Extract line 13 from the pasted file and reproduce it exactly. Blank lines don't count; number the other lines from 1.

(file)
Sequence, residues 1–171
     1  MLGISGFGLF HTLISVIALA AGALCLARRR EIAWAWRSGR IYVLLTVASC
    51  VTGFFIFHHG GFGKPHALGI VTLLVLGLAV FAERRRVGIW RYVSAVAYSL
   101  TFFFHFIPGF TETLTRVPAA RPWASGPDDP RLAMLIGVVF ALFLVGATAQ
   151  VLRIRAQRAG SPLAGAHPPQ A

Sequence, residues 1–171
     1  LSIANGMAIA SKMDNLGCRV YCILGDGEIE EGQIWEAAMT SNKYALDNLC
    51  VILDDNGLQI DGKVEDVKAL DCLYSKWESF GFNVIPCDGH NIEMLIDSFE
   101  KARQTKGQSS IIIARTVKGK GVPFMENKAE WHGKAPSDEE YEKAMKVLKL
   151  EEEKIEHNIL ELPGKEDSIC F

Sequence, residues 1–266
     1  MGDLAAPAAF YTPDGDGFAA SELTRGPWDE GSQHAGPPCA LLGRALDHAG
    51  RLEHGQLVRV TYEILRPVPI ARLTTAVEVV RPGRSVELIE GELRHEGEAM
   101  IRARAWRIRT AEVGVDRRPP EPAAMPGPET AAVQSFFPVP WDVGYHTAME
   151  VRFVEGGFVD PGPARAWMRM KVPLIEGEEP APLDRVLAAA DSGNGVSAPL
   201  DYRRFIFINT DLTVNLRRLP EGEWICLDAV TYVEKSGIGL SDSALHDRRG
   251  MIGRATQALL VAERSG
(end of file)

    51  RLEHGQLVRV TYEILRPVPI ARLTTAVEVV RPGRSVELIE GELRHEGEAM